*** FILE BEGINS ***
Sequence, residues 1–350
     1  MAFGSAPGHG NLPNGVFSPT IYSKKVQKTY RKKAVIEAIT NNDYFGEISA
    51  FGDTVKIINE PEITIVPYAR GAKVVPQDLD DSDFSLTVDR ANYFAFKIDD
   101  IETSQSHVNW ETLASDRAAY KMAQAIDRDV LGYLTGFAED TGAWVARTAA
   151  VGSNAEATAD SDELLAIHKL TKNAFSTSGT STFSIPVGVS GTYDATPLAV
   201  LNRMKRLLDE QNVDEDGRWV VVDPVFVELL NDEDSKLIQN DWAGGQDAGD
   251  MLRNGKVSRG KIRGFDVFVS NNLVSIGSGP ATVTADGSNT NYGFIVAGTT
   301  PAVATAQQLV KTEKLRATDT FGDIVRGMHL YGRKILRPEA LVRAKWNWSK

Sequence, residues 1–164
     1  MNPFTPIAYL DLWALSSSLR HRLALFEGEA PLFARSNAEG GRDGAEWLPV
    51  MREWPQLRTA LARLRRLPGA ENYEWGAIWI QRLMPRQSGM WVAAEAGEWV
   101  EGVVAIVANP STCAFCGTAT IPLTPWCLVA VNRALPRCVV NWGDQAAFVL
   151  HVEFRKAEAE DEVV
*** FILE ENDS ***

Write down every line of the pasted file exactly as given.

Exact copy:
Sequence, residues 1–350
     1  MAFGSAPGHG NLPNGVFSPT IYSKKVQKTY RKKAVIEAIT NNDYFGEISA
    51  FGDTVKIINE PEITIVPYAR GAKVVPQDLD DSDFSLTVDR ANYFAFKIDD
   101  IETSQSHVNW ETLASDRAAY KMAQAIDRDV LGYLTGFAED TGAWVARTAA
   151  VGSNAEATAD SDELLAIHKL TKNAFSTSGT STFSIPVGVS GTYDATPLAV
   201  LNRMKRLLDE QNVDEDGRWV VVDPVFVELL NDEDSKLIQN DWAGGQDAGD
   251  MLRNGKVSRG KIRGFDVFVS NNLVSIGSGP ATVTADGSNT NYGFIVAGTT
   301  PAVATAQQLV KTEKLRATDT FGDIVRGMHL YGRKILRPEA LVRAKWNWSK

Sequence, residues 1–164
     1  MNPFTPIAYL DLWALSSSLR HRLALFEGEA PLFARSNAEG GRDGAEWLPV
    51  MREWPQLRTA LARLRRLPGA ENYEWGAIWI QRLMPRQSGM WVAAEAGEWV
   101  EGVVAIVANP STCAFCGTAT IPLTPWCLVA VNRALPRCVV NWGDQAAFVL
   151  HVEFRKAEAE DEVV